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Britrail
12-29-2007, 06:59 AM
I'm an avid reader of novels about art and artists, and wondered if anyone can come up with any titles or authors I have not read.

I've read most of the well known ones I think like, Girl with a Pearl Earing, Lust for Life, The Burglar who Painted Like Mondrian, Tulip Feather, Ian Pears series of Art Detective novels and many others, but am always looking for new reads, particularly if it is not obvious that they are about art or artists, like John Updike's novel about Jackson Pollock's wife, " Seek My Face" a highly recommended book.

Britrail
12-29-2007, 08:02 AM
Correction 'Tulip Feather' should have read Tulip Fever.

BrianWarner
12-29-2007, 08:11 AM
Try "The Forest Lover" by Susan Vreeland. A novel based on the life of Emily Carr.

NHyde
12-29-2007, 10:19 AM
There was another thread about this recently...here's the link:

http://www.wetcanvas.com/forums/showthread.php?t=465442

There may be more books to add to your list. :)

ejtupi
12-29-2007, 10:34 AM
Here's a lengthier thread on this topic with lots of novels about artists mentioned. Sorry it's in the Think Tank instead of the Cafe, but really worth taking a look since it's been around for two years.
http://www.wetcanvas.com/forums/showthread.php?t=306243&

NHyde
12-29-2007, 10:51 AM
A must read: "Still Life with Oysters and Lemon" by Mark Doty. Incredible little book.

Lauren F-M
12-30-2007, 10:05 AM
There was another thread about this recently...here's the link:

http://www.wetcanvas.com/forums/showthread.php?t=465442

There may be more books to add to your list. :)

That's the thread I started a week or so ago, titled Recommend an Artsy Novel?
Thanks for posting the link!

After finding this list, and learning about the older thread (started Nov. 2005 by'Rodney') titled Know any good Novels to read RE Art in the 'Think Tank' (link also posted -- thanks!), I checked all out, listed all the books mentioned up to this point in a file, and alphabetized it by author. Had to Google some titles that didn't include the author's name. Included info tips where I could.

Now, what to do? :confused:
I could close my thread and that would leave two open ones on books. Note that both fiction and non-fiction have been recommended, so both this thread title and mine aren't totally accurate to what people are suggesting.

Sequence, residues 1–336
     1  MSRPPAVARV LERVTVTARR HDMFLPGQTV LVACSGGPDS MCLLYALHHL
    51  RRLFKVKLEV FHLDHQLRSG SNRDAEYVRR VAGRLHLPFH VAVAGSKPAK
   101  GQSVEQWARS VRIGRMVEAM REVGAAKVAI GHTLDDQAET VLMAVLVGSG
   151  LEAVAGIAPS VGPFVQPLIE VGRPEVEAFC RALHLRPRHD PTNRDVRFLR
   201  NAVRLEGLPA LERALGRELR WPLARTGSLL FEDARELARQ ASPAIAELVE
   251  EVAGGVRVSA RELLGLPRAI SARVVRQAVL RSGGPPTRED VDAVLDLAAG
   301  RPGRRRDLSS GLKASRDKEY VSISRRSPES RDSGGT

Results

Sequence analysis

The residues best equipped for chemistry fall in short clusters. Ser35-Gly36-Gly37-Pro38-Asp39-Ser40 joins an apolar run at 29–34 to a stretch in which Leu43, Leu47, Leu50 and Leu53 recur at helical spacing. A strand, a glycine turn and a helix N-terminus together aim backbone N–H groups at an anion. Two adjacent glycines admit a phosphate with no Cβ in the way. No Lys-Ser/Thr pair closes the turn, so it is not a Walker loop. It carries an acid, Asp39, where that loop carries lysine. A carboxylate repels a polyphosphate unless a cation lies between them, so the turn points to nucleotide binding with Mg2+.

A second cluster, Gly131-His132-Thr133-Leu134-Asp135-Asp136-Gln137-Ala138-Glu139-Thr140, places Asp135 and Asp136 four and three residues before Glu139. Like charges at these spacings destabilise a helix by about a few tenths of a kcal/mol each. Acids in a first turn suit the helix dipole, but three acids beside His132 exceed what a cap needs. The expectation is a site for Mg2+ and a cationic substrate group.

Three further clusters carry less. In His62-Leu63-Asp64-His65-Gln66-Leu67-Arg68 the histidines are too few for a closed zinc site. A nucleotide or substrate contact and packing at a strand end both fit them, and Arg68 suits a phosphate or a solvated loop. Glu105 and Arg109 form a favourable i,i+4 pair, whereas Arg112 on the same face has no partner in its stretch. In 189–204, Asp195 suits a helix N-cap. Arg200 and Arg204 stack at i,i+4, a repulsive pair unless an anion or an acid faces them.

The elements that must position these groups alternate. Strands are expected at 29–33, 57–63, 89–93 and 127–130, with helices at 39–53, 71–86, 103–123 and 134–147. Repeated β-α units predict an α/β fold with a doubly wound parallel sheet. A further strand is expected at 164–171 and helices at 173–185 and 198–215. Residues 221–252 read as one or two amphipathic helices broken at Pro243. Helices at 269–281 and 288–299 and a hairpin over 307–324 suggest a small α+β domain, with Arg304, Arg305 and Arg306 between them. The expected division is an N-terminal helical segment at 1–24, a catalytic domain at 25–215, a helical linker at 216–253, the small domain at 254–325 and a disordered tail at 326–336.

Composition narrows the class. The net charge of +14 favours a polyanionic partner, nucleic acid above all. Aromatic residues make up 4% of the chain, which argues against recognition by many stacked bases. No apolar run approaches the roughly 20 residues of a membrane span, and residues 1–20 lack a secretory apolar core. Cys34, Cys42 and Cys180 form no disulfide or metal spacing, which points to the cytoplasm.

Oh, well, the list is great -- so many great books! :D

I'll post the big list here -- might have to do it in a few posts, as it's long. Stay tuned! :D

Lauren :wave:

Lauren F-M
12-30-2007, 10:16 AM
NOVELS & NON-FICTION BOOKS ABOUT ART & ARTISTS:
[as of Dec. 29, 2007]

A
"Cat's Eye" by Margaret Atwood

B
"Degenerate Art: The Fate of the Avant-Garde in Nazi Germany" by Stephanie Barron [non-fiction]
"The Burglar who Painted Like Mondrian" by Lawrence Block
"The Portland Vase: The Extraordinary Odyssey of a Mysterious Roman Treasure" by Robin Brooks

[B]C
"The Horse's Mouth" by Joyce Carey [made into a film w/ Alec Guinness]
"Shamrock Tea" by Ciaran Carson
"The Art Thief" by Noah Charney entitled [fiction - a wonderful mystery, but also informative]
"Lydia Cassatt Reading The Morning Paper" by Harriet Chessman
"Girl with a Pearl Earring" by Tracy Chevalier [novel about the Vermeer painting's creation]
"Lady and the Unicorn" by Tracy Chevalier [about the making of Cluny's tapestries]
"Burning Bright" by Tracy Chevalier [aboout William Blake's London]
"Lives of the Artists" by Robert Clark [story is about 2 American artists who move to Florence & set up a life there. They are joined by another friend, a writer, and they develop relationships with each other and with others. Lots of art observations and ideals. The book is a bit sexual and there are graphic passages]
"The Vacant Chair" by Joe Comber note: couldn't find it online
[I]"Faking It" by Jennifer Crusie [The protagonist struggles over her identity as an artist due to coming from a long line of forgers]

D
"Strapless" by Daborah Davis [about Madame X and John Singer Sargent]
"The Secret Life of Salvador Dali" by Salvador Dali [most of it isn't true, but it's great because it's written by Dali himself]
"The Woman Who Painted Her Dreams" by Isla Dewar, Review, 2002
ISBN: 0-7472-61-6158-X [author is Scottish and the book takes place in Scotland; about a girl, born in the late 1950's, how she grows up in a rather unusual home situation and becomes a famous painter; fiction]
"The Rescue Artist" by Edward Dolnick [non-fiction; Scotland Yard's specialist in art theft, Charlie Hill, could have stepped right out of a detective novel]
"Still Life with Oysters and Lemon" by Mark Doty
"The Genius" by Theodore Dreiser
"The Birth of Venus" by Sarah Dunant

E
"Pictures & Tears" by James Elkins [non-fiction; wonderful in-depth art book about the effects images have on people]
"The Prince of Montparnasse" by Richard Erickson [biography of Bulgarian painter, Jules Pascin (1885-1930)]

Lauren F-M
12-30-2007, 10:23 AM
NOVELS & NON-FICTION BOOKS ABOUT ART & ARTISTS: -- continued
[as of Dec. 29, 2007]

F
"Color: A natural history of the Palette" by Victoria Finlays [story of Victoria Finlay's quest to uncover the many secrets hidden inside the paintbox. On her travels she visited remote Central American villages where women still wear skirts dyed with the purple tears of sea snails; learned how George Washington obsessed about his green]